Seeds for a better world


“The disappearance of our biodiversity and of our seed sovereignty is creating a major crisis for agriculture and food security around the world. We must act before it is too late. Seeds are the first link in the food chain and the repository of life’s future evolution. As such, it is our inherent duty and responsibility to protect them and to pass them on to future generations.” – Vandana Shiva

“Though I do not believe that a plant will spring up where no seed has been, I have great faith in a seed. Convince me that you have a seed there, and I am prepared to expect wonders.” – Henry David Thoreau

29 Nov 2017, Skip Garden 12:30pm

Frank Barnes School left the garden half an hour ago with packets of saved pumpkins seeds in their hands and the taste of freshly made brittles in their mouths. There were more than 200 seeds in the ten-kilos pumpkin that Charlotte Dove, Director at London Freedom Seed Bank, grew in her allotment and brought to us in a suitcase. The kids hugged the pumpkin like a precious jewel and dug in it like explorers of a new land. 

The pupils from Frank Barnes School have been involved in our Lunch and Learning Programme since the beginning of 2017 and, as a last session before the new programme begins, we remembered the species we lost and reflected on the role we play to protect our planet. 

We lose animals, seeds, plants, skills, and traditions every single day, and we must be aware that there is something we can do every day to stop the loss of these wonders. If only we could look at a pumpkin in the same way kids do.  An effective and hopeful activism doesn't have to be associated with big organisations, with politics and conferences. It is in our heads, in our hands and in every single step we take from the moment we leave our bed in the morning. 

Lunch and Learning session with pupils from Frank Barnes School

Lunch and Learning session with pupils from Frank Barnes School

Since HLF rewarded Global Generation with new funding, a new perception about seeds formed in my mind. I have to be honest, I never really realised that touching a seed, planting a seed, cooking with seeds meant connecting with the heart of what we are: Children of Nature, Creatures of History, Siblings of the Whole. Touching a seed or simply paying deep attention to it, it is already a fight against separation, against disconnection, against the cause of those losses.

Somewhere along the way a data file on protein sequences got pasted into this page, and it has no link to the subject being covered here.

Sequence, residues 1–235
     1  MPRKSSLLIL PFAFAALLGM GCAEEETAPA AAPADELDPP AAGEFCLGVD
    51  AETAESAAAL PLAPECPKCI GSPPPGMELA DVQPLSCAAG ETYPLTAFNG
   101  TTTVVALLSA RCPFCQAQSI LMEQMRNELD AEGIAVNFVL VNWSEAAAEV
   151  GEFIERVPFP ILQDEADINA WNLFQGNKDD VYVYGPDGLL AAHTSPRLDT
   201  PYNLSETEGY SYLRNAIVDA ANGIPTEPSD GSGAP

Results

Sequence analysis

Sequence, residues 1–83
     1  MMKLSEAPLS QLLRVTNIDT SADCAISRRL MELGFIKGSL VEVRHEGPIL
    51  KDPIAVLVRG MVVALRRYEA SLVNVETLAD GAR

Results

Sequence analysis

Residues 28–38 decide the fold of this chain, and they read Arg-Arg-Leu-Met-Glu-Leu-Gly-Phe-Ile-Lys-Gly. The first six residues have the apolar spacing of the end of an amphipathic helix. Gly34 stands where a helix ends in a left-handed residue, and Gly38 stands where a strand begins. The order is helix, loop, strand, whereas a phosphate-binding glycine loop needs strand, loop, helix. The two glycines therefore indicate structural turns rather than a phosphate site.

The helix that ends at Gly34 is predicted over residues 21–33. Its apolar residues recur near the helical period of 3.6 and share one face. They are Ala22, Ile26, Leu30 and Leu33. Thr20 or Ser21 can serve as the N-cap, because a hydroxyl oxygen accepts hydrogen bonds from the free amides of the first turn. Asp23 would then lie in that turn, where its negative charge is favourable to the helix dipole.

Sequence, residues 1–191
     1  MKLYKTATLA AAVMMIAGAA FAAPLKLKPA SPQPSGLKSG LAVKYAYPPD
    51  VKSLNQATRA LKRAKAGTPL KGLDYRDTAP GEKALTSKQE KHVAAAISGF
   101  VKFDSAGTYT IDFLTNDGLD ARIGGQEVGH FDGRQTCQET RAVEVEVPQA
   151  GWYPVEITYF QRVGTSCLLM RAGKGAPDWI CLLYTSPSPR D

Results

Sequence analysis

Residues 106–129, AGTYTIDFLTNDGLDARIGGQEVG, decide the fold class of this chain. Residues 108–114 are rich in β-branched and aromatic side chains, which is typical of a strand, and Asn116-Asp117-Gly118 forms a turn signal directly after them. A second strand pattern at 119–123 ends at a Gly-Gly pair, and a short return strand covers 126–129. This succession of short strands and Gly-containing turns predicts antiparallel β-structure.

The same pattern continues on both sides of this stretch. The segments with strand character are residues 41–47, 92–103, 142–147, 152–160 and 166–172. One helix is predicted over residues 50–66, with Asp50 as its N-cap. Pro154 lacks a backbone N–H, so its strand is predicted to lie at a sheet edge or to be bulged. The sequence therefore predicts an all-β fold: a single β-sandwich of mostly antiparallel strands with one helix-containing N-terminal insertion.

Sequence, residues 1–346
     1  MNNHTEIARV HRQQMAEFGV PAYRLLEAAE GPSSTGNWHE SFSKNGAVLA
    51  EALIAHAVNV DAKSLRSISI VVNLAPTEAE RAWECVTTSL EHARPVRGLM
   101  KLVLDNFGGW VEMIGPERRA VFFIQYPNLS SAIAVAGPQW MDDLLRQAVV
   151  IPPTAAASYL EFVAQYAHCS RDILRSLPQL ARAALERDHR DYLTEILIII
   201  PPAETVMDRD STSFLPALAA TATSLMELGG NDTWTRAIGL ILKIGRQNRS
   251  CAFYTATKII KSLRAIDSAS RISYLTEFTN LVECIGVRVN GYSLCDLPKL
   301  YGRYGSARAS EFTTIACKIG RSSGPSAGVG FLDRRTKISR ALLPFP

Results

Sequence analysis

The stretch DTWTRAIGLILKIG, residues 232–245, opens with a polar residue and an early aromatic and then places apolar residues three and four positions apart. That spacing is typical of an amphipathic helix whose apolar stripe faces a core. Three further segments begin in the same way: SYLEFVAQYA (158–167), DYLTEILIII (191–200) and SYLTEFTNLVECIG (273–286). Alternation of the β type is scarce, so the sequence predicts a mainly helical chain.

A small seed is a huge tool of knowledge, of remembrance, of creation and innovation. And the young people of the garden who decided to get involved in the HLF Project Seeds for a better World became real activists in this sense. 

Cassie, Lucy, Imogen, Samika, Christabelle and Genette have decided to embrace history, heritage and nature in a new way.

Since last September, the girls have been on an incredible journey. The project has taken them to Ryton Gardens (Coventry) exploring its Heritage Seeds Library, to Brixton at a cinema to watch “Seed: The Untold Story”, hosted by the London Freedom Seed Bank. Verusca Calabria, member of the Oral History Society, came down from Nottingham to deliver a workshop about oral history and how to collect stories from people and community groups. The young people will be gathering oral stories of traditions around seeds-saving and -growing and create an exhibition in 2018 with images and voices to raise awareness about the importance of saving seeds. 

Young people have already been artists, photographers, cooks and seeds-savers and they will host a Seed Festival on 3rd February 2018 at The Skip Garden in King's Cross.

I know it might sound strange but I never looked at a seed as I have done recently, for everything they really represents. This is what young people’s curiosity and passion have allowed me to see. A seed is the universe story captured in few millimetres and repeated every day, over and over again. A bang and then… life and death, and life again.

The time spent with the young people reflecting on seeds has been a doorway to a reflection on myself as a human being, as a mother and as an educator. There is uncertainty, cracks and darkness in growth before we reach the light we need, the light we need to walk on the surface of this planet, to feel we deserve to be here, to feel that we can ourselves become seeds of values, seeds of the energy needed to nourish a new idea of the world. 

Seeds will inspire the new Lunch and Learning calendar as well as our youth programmes and community events in 2018. Although very tiny, they deserve a bigger place as powerful tools of education, as teachers of history and traditions, as metaphors of life and growth, as the real jewels we should wear and protect and show off.

As a result of a seed planted roughly 9 months ago, I will be looking after a newborn living creature for most of 2018, and should I feel tired and hopeless, I will remember the untold story: Every day, every step, every choice is a seed planted in the soil of this world. So I shall ask myself: “What living creature would you like to see one day?” An ambassador for a better world!